Article published in:Reinardus: Yearbook of the International Reynard Society
Edited by Richard Trachsler and Baudouin Van den Abeele
[Reinardus 27] 2015
► pp. 1–32
Nets, Lures, and Camouflage
Capturing Birds in Late Medieval North and Central Italy
This essay is about those many hunters in northern and central Italy who captured birds (mostly) for commercial reasons, far from the glamorous performances of aristocratic falconry. It investigates their techniques and practices in the context of their local environments and socio-cultural frameworks. While birds were status food, hunting them thus mostly amounted to a marginal economic activity. The variously wary nature of their target species, and the necessarily repetitive nature of commercial hunting warranted practices in which the hunter’s profile was consistently very low, and in which unsuspecting birds were attracted and captured on the basis of their ecological behavior. The paper is based on Book X of Pier de’ Crescenzi’s early fourteenth century manual Ruralia Commodorum as well as a series of Italian documentary sources from Venice and Tuscany and argues that in late medieval Italy such hunting knowledge was predominantly part of an oral tradition. These sources point both to actual use of certain practices in bird hunting as well as suggesting the modus operandi of the hunters, keen and dynamic observers and users of their local natural environments.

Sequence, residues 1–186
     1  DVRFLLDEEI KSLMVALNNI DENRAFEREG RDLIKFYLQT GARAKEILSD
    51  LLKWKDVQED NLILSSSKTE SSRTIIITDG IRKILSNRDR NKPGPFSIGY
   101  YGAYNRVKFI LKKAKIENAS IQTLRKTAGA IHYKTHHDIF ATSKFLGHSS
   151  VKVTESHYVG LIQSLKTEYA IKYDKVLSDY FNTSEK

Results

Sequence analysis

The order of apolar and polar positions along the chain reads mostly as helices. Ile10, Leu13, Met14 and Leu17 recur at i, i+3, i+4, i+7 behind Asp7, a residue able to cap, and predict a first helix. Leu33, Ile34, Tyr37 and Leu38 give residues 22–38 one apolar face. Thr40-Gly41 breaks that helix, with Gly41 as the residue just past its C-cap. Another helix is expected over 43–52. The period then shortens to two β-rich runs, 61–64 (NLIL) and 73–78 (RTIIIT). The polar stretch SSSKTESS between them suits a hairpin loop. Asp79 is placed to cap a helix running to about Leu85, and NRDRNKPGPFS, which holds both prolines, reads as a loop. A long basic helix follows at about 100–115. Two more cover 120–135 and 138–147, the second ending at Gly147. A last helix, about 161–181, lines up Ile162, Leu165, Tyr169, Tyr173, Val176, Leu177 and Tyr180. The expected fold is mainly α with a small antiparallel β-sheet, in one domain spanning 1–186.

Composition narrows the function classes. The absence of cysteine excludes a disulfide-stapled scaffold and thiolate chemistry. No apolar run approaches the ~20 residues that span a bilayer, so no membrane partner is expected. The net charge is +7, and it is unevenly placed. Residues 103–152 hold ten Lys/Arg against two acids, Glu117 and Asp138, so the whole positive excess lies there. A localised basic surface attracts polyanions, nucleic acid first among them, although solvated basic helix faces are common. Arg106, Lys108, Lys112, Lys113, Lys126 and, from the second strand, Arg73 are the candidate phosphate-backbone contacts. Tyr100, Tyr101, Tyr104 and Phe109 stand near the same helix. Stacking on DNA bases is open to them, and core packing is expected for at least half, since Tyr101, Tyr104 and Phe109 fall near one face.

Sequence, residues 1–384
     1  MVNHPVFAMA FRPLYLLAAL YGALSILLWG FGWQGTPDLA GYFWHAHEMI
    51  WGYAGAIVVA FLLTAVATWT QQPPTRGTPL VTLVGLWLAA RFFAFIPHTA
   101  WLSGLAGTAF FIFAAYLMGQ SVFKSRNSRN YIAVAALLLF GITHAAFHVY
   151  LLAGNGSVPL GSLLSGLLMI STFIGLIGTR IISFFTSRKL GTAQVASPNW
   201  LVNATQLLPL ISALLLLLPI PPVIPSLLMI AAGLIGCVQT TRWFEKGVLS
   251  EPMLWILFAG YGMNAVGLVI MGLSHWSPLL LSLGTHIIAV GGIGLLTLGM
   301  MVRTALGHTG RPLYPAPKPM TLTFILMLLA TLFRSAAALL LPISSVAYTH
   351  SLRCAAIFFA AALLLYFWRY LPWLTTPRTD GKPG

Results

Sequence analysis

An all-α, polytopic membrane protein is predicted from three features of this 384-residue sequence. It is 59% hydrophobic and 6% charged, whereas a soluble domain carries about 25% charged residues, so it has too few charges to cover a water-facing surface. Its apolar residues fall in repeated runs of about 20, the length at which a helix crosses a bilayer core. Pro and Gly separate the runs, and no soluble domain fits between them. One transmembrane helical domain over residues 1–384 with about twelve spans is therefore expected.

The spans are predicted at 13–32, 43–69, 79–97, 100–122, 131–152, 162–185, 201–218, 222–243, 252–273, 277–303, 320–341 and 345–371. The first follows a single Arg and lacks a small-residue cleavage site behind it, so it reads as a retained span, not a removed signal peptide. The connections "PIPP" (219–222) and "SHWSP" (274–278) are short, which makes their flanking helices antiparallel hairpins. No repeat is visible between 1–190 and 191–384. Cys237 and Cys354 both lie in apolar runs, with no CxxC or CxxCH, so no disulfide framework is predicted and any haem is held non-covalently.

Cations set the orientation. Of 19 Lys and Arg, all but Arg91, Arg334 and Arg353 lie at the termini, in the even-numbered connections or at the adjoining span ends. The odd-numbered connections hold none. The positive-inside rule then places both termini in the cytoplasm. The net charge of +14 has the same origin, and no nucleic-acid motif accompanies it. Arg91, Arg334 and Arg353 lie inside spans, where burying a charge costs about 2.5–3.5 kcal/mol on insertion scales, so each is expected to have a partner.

Published online: 24 March 2016